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Friday, November 21, 2008

A couple of PCAs with Polish samples

Context is important when it comes to genetic affinity, and this is clearly illustrated by an article published in the European Journal of Human Genetics this week. For instance, on the intra-European principal component analysis (PCA) featured in this paper, Poles from Warsaw and Lodz basically sit between samples from Dresden and Moscow, but overlap more with the latter. However, when an African and two East Asian populations are added (ie. the plot turns into an inter-continental one), they end up almost at the top of a much tighter European blob, overlapping heavily with Swedes, Slovaks, Germans and Czechs, just to name a few.

Key: CEU = Utah Americans of Western and Northern European ancestry; CHB = Northern Han Chinese from Beijng; JPT = Japanese from Tokyio; YRI = Yoruba from Nigeria.

The study also shows a pairwise fixation index (Fst) table featuring 12 European, one American (CEU), one Sub-Saharan (YRI), and two East Asian (CHB and JPT) samples. Most of the results appear to align with geography, although Scandinavians show higher affinity than their southern neighbors, Germans and Poles, to the East Asians. This suggests that East Asian or East Asian-like admixture diffused into Scandinavia from the north.

Abstract: An investigation into fine-scale European population structure was carried out using high-density genetic variation on nearly 6000 individuals originating from across Europe. The individuals were collected as control samples and were genotyped with more than 300 000 SNPs in genome-wide association studies using the Illumina Infinium platform. A major East–West gradient from Russian (Moscow) samples to Spanish samples was identified as the first principal component (PC) of the genetic diversity. The second PC identified a North–South gradient from Norway and Sweden to Romania and Spain. Variation of frequencies at markers in three separate genomic regions, surrounding LCT, HLA and HERC2, were strongly associated with this gradient. The next 18 PCs also accounted for a significant proportion of genetic diversity observed in the sample. We present a method to predict the ethnic origin of samples by comparing the sample genotypes with those from a reference set of samples of known origin. These predictions can be performed using just summary information on the known samples, and individual genotype data are not required. We discuss issues raised by these data and analyses for association studies including the matching of case-only cohorts to appropriate pre-collected control samples for genome-wide association studies.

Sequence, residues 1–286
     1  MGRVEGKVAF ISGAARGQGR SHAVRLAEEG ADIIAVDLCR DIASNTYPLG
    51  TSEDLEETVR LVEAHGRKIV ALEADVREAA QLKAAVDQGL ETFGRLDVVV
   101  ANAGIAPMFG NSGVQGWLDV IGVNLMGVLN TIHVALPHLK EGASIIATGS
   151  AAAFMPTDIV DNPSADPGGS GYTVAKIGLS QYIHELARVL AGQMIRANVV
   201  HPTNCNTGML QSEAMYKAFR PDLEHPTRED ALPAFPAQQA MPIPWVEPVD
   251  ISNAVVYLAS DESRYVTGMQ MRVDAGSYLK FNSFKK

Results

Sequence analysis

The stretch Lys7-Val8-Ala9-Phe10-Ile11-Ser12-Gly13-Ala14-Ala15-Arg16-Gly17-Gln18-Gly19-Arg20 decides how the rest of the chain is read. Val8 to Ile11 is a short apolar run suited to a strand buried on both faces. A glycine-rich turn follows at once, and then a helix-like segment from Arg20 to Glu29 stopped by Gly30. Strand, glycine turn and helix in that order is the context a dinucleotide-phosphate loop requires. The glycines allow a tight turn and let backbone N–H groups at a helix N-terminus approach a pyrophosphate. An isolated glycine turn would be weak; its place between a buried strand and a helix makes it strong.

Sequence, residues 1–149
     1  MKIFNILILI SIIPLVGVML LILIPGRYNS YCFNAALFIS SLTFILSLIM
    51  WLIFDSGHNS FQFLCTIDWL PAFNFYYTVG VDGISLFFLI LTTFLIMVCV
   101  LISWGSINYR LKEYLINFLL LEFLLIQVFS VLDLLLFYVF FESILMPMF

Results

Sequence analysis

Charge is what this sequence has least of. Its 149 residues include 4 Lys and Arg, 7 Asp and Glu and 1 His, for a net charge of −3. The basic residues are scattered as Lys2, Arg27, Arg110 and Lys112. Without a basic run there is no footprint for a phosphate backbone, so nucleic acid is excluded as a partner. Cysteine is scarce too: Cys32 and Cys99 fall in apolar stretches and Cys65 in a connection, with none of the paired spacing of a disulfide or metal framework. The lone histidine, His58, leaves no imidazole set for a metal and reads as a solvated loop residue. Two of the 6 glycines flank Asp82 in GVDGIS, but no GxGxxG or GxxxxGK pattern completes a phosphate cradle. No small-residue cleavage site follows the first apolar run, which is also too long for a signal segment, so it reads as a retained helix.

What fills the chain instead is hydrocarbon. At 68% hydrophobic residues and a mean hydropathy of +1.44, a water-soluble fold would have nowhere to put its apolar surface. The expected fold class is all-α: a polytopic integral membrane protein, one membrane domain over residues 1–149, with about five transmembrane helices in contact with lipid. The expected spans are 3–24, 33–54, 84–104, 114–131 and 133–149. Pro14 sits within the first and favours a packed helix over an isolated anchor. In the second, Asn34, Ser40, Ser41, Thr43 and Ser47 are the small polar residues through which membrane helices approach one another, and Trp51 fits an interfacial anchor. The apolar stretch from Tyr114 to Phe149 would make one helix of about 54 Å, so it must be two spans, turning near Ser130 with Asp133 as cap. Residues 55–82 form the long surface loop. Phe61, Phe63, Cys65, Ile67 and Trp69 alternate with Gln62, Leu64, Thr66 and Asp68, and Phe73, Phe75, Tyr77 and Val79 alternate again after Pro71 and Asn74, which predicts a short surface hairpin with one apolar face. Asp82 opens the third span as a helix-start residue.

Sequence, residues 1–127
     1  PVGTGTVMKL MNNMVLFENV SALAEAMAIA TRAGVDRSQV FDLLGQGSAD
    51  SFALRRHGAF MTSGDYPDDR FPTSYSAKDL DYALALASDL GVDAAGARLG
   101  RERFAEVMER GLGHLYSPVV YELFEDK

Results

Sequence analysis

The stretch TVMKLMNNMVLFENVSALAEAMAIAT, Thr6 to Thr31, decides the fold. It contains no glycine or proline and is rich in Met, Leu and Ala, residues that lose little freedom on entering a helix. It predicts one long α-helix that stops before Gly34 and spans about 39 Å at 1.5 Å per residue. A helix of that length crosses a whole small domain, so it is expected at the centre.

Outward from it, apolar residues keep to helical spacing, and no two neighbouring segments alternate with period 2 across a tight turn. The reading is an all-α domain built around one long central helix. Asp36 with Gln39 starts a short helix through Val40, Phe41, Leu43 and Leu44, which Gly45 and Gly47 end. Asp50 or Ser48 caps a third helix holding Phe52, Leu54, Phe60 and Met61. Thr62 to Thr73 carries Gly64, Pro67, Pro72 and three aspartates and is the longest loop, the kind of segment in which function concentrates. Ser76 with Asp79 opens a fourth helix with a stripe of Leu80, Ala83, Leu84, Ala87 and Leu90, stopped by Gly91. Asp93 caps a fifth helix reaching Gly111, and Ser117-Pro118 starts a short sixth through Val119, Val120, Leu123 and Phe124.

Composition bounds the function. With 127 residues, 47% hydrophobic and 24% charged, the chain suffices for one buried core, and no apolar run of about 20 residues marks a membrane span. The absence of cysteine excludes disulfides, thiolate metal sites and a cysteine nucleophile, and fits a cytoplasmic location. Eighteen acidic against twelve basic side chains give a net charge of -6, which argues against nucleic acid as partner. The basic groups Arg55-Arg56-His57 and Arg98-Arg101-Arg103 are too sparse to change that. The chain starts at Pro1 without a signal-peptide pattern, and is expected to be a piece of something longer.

Simon C Heath et al, Investigation of the fine structure of European populations with applications to disease association studies, European Journal of Human Genetics (2008) 16, 1413–1429; doi:10.1038/ejhg.2008.210

Wednesday, November 19, 2008

Best of 2008: Corded Ware DNA from Germany

One of the biggest hits of the year for this blogger was the discovery of Y-DNA haplogroup R1a among three Corded Ware skeletons from a burial site in Eulau, eastern Germany. It's an important result, because it links one of Europe's most dominant Y-haplogroups to a major Late Neolithic archeological complex.